Reconciling Disparate Objects in “Leaves of Grass”

May 4, 2019 by Essay Writer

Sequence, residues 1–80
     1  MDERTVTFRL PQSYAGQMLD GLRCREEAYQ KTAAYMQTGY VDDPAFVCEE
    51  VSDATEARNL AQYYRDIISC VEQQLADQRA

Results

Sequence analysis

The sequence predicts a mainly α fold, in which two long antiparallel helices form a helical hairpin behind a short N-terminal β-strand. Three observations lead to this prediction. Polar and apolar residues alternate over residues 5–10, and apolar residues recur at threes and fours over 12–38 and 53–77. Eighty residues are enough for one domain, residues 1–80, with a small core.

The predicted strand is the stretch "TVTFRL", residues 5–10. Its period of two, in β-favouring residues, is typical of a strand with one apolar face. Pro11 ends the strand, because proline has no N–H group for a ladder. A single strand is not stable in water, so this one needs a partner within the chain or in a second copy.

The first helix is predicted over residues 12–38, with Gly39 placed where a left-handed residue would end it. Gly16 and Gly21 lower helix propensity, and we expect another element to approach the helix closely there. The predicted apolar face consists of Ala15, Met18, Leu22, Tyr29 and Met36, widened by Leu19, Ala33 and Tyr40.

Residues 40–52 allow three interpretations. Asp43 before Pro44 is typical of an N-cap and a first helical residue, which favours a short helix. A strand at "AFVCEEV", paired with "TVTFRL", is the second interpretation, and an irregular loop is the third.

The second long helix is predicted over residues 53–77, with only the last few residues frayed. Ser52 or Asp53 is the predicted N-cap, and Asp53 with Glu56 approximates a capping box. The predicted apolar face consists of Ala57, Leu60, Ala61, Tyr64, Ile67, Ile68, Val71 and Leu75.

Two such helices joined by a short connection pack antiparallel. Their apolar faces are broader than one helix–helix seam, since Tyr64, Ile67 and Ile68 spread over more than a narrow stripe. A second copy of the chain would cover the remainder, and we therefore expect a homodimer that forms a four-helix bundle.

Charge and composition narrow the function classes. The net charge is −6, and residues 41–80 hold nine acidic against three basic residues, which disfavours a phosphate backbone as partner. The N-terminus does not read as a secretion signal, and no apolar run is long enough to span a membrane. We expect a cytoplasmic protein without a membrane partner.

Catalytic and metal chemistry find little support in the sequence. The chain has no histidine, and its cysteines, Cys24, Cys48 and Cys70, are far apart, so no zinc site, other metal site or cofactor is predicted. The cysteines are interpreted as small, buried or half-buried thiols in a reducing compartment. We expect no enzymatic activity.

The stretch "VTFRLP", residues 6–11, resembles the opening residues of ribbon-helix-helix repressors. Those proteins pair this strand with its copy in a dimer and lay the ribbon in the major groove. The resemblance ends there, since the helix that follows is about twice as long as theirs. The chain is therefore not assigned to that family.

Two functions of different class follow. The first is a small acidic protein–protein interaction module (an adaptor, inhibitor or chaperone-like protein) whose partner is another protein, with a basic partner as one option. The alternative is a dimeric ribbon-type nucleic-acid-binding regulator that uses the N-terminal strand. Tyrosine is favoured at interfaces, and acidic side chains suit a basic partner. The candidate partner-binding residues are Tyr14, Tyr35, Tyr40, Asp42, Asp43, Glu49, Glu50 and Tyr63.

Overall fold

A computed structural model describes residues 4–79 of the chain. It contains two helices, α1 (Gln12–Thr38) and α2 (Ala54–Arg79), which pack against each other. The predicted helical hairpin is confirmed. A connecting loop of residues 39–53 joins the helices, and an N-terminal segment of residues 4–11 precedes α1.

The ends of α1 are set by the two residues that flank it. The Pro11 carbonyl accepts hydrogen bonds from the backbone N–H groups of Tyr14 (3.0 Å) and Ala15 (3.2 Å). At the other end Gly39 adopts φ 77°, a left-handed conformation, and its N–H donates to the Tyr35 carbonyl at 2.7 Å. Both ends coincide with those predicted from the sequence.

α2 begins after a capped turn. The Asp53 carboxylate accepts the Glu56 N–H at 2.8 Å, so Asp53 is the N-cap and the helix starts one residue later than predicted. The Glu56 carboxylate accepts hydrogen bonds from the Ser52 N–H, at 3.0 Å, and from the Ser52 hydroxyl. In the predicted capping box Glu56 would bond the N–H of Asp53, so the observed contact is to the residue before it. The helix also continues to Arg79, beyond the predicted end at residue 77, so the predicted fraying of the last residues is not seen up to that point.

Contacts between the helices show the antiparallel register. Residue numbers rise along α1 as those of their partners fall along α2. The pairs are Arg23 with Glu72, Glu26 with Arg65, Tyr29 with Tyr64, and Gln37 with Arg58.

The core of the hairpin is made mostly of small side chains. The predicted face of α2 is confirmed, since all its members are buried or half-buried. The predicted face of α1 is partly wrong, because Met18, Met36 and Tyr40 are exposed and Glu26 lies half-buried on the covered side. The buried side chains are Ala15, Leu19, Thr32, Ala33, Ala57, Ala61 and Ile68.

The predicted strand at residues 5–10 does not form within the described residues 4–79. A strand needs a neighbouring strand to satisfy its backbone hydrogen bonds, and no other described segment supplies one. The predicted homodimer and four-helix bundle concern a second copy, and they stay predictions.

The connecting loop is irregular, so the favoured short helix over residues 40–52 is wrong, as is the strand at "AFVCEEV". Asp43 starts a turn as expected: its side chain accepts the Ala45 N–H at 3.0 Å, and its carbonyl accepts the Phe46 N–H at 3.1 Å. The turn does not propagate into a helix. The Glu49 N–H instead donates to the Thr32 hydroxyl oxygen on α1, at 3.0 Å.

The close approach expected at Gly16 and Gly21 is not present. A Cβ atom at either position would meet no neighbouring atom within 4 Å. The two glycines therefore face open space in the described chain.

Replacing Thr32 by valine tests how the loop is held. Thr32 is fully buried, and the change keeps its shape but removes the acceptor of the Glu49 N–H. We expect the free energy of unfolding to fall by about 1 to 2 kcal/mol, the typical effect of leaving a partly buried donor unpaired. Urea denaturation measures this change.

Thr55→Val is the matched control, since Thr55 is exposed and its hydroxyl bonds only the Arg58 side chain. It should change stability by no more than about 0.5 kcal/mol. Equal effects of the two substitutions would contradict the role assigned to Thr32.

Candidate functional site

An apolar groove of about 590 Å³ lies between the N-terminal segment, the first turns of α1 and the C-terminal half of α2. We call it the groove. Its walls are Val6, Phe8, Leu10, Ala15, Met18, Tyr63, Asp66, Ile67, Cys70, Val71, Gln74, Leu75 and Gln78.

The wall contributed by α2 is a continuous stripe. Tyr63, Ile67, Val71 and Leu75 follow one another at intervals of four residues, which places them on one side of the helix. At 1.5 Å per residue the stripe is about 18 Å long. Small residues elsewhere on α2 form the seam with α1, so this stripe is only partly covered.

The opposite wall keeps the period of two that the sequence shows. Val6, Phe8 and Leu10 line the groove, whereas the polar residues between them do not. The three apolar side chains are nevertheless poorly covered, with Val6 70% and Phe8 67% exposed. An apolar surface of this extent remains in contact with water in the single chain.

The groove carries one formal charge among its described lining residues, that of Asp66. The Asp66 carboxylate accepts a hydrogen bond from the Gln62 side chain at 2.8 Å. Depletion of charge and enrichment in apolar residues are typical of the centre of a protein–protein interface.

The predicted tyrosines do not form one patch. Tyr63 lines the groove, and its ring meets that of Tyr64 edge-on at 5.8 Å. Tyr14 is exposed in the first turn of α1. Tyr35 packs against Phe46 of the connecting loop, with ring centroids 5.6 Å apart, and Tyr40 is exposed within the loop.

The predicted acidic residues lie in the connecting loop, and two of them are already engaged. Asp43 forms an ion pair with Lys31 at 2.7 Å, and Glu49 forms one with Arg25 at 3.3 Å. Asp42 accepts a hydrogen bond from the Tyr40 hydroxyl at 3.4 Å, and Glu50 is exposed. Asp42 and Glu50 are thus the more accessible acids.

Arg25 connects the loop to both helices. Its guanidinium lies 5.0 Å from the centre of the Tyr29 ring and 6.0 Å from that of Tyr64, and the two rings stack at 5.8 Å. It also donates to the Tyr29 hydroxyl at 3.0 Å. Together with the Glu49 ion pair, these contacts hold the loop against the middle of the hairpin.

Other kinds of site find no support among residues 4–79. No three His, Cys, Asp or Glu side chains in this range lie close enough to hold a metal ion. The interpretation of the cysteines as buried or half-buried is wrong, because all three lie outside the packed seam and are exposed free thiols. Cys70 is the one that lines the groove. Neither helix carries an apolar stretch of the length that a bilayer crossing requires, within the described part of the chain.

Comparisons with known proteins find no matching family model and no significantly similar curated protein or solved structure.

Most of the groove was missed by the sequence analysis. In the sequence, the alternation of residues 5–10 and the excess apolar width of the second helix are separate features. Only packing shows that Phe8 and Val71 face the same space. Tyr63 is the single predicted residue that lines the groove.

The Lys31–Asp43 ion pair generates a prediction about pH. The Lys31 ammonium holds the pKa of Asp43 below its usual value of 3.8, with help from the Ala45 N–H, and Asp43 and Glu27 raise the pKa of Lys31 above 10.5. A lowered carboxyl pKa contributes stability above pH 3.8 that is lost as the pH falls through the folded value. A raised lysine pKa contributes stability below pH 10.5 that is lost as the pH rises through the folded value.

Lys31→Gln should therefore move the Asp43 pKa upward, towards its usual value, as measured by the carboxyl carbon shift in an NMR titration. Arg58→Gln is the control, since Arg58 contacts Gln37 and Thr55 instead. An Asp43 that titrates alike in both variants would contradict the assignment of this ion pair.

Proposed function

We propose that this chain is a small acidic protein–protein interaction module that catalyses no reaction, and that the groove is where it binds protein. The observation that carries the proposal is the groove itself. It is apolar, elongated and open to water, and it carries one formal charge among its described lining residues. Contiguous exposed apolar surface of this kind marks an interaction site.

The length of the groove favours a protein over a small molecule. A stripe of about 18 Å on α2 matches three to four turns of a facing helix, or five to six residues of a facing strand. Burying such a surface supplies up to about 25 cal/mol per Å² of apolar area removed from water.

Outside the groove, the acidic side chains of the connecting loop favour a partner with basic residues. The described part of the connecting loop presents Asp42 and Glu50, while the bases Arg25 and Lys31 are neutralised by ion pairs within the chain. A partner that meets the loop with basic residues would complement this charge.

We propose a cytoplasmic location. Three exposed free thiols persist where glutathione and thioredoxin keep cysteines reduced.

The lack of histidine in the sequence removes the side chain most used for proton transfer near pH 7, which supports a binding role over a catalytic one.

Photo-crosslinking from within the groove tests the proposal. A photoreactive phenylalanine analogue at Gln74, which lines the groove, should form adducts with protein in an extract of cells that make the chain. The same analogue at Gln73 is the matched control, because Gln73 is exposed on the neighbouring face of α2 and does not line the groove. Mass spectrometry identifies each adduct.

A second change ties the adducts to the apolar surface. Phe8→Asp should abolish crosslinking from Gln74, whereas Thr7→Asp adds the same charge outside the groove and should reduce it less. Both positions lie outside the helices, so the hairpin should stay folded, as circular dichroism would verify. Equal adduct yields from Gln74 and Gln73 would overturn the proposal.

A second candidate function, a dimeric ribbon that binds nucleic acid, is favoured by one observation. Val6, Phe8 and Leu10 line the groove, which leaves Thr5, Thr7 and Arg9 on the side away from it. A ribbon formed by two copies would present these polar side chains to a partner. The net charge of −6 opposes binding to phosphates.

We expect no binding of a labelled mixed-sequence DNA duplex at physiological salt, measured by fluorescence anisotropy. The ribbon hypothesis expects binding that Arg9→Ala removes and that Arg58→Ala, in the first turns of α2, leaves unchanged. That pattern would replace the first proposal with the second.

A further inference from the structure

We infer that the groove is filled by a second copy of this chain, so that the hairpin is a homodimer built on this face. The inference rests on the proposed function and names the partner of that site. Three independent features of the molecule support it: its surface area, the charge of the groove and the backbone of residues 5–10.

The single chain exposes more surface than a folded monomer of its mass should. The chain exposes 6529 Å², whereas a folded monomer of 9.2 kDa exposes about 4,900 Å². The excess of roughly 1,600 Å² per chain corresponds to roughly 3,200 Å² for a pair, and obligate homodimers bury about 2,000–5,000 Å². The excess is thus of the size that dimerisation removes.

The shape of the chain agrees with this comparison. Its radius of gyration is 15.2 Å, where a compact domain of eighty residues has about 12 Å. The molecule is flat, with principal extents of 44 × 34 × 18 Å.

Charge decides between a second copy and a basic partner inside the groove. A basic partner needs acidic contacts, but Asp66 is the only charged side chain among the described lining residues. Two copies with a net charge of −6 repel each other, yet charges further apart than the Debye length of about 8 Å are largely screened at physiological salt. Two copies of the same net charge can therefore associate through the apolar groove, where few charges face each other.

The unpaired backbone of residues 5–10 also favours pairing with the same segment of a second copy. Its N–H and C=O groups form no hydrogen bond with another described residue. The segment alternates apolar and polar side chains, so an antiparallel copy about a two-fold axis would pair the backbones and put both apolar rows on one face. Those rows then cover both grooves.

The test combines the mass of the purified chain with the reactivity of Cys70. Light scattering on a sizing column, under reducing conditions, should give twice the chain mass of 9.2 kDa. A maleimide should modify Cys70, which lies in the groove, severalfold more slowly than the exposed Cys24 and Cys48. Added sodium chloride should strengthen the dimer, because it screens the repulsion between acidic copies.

Walt Whitman’s begins this excerpt from Leaves of Grass by describing an elusive ‘this’: “This is the meal pleasantly set . . . . this is the meat and drink for natural hunger.” These two clauses that are set next to each other describe ‘this’ as very different things. “A meal pleasantly set,” evokes a quiet table in a genteel household. In contrast, “the meat and drink for natural hunger,” recalls a more rugged table at which the food will be consumed after strenuous activity. How can one thing–‘this’–have such opposing properties? The entire excerpt is defined by the outward contradictions such as this one. Whitman’s poetic rhetoric, however, attempts to create an internal unity from the contradictions. By unifying things that seem diametrically opposed Whitman emphasizes the possibility for reconciliation between disparate objects.Whitman places two contrasting ideas next to each other at all levels of the excerpt. The most prominent level at which he does this is in the images, as in the first line. He continues setting contrasting images on either side of ellipses when he again describes the ‘this’: “This is the touch of my lips to yours . . . . this is the murmur of yearning.” The contrast here is between the corporeal sensation referenced in the first clause, and the more internal emotive sensation expressed in the second clause. Two contrasting ideas again appear in the larger theme of the excerpt. In the beginning he makes a list of people with very different characteristics, and says that he will “make appointments for all.” The inclusivity of the early moments is in sharp contrast to the exclusivity of the last line of the excerpt where he says, “I might not tell everybody but I will tell you.” On the largest scale, Whitman creates a contrast in the structural elements of the poem. The poem begins with a disorganized array of clauses‹some set around ellipses, some standing alone. There is no consistency in the meter, which makes it feel more like one of the catalogues Whitman frequently uses. On the other end of the poem, the last two lines are structured as a neat couplet.He explicitly seeks to unify all of these contrasts when, after the cataloguing first stanza in which he has mentioned so many objects, he explains, “There shall be no difference between them and the rest.” Whitman perpetuates this idea in a much more fundamental and convincing way‹through his poetic rhetoric. Whitman’s famous catalogues are the first step in creating this unity. By placing seemingly disparate things next to each other and by recognizing no difference other than that inherent in the description‹as he does with the two dining tables‹Whitman places the objects in an equality, even if it only is on the page. While the reader may be taken aback by the initial equation, through repetition‹the essence of the catalogue‹Whitman dulls the readers reaction to the contrast between objects. He thereby covertly lulls the reader into accepting a fundamental unity. In this particular excerpt Whitman reinforces this idea by his ubiquitous use of “this.” By making everything a description of some un-named “this,” Whitman emphasizes the fact that all of these seemingly disparate objects can come together in one unified form. As with the catalogues, through describing “this,” as so many things, Whitman dulls the reader’s guard against the improbability of the descriptions.Rather than telling the reader how to view these contrasts, then, Whitman demonstrates how to view them, and forces the reader into believing that “There shall be no difference between them and the rest.”

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